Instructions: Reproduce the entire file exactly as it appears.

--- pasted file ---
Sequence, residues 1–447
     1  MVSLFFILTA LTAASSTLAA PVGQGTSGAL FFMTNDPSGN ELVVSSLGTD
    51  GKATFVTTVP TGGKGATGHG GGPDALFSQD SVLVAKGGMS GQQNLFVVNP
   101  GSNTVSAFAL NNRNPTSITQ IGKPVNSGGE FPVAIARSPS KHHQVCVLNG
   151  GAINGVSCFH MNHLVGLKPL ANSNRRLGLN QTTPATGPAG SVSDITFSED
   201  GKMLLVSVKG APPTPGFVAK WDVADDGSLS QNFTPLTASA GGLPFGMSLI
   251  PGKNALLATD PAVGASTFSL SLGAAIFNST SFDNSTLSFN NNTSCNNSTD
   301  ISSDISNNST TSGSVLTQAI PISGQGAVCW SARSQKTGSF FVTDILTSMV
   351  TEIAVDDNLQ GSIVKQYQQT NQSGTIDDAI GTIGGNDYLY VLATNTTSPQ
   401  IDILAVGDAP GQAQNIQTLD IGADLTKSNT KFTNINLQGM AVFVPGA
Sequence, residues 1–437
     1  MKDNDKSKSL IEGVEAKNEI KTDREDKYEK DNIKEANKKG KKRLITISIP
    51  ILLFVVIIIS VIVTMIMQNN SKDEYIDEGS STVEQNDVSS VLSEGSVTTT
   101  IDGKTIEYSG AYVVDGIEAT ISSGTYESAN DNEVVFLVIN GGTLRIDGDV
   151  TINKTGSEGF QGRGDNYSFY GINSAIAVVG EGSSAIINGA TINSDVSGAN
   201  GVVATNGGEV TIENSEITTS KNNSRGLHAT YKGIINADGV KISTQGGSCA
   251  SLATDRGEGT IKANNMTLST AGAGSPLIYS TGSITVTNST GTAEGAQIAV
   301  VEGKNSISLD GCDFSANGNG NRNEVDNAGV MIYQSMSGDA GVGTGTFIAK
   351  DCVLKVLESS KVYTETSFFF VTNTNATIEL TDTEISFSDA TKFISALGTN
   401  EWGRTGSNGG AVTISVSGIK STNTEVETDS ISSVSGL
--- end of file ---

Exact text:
Sequence, residues 1–447
     1  MVSLFFILTA LTAASSTLAA PVGQGTSGAL FFMTNDPSGN ELVVSSLGTD
    51  GKATFVTTVP TGGKGATGHG GGPDALFSQD SVLVAKGGMS GQQNLFVVNP
   101  GSNTVSAFAL NNRNPTSITQ IGKPVNSGGE FPVAIARSPS KHHQVCVLNG
   151  GAINGVSCFH MNHLVGLKPL ANSNRRLGLN QTTPATGPAG SVSDITFSED
   201  GKMLLVSVKG APPTPGFVAK WDVADDGSLS QNFTPLTASA GGLPFGMSLI
   251  PGKNALLATD PAVGASTFSL SLGAAIFNST SFDNSTLSFN NNTSCNNSTD
   301  ISSDISNNST TSGSVLTQAI PISGQGAVCW SARSQKTGSF FVTDILTSMV
   351  TEIAVDDNLQ GSIVKQYQQT NQSGTIDDAI GTIGGNDYLY VLATNTTSPQ
   401  IDILAVGDAP GQAQNIQTLD IGADLTKSNT KFTNINLQGM AVFVPGA
Sequence, residues 1–437
     1  MKDNDKSKSL IEGVEAKNEI KTDREDKYEK DNIKEANKKG KKRLITISIP
    51  ILLFVVIIIS VIVTMIMQNN SKDEYIDEGS STVEQNDVSS VLSEGSVTTT
   101  IDGKTIEYSG AYVVDGIEAT ISSGTYESAN DNEVVFLVIN GGTLRIDGDV
   151  TINKTGSEGF QGRGDNYSFY GINSAIAVVG EGSSAIINGA TINSDVSGAN
   201  GVVATNGGEV TIENSEITTS KNNSRGLHAT YKGIINADGV KISTQGGSCA
   251  SLATDRGEGT IKANNMTLST AGAGSPLIYS TGSITVTNST GTAEGAQIAV
   301  VEGKNSISLD GCDFSANGNG NRNEVDNAGV MIYQSMSGDA GVGTGTFIAK
   351  DCVLKVLESS KVYTETSFFF VTNTNATIEL TDTEISFSDA TKFISALGTN
   401  EWGRTGSNGG AVTISVSGIK STNTEVETDS ISSVSGL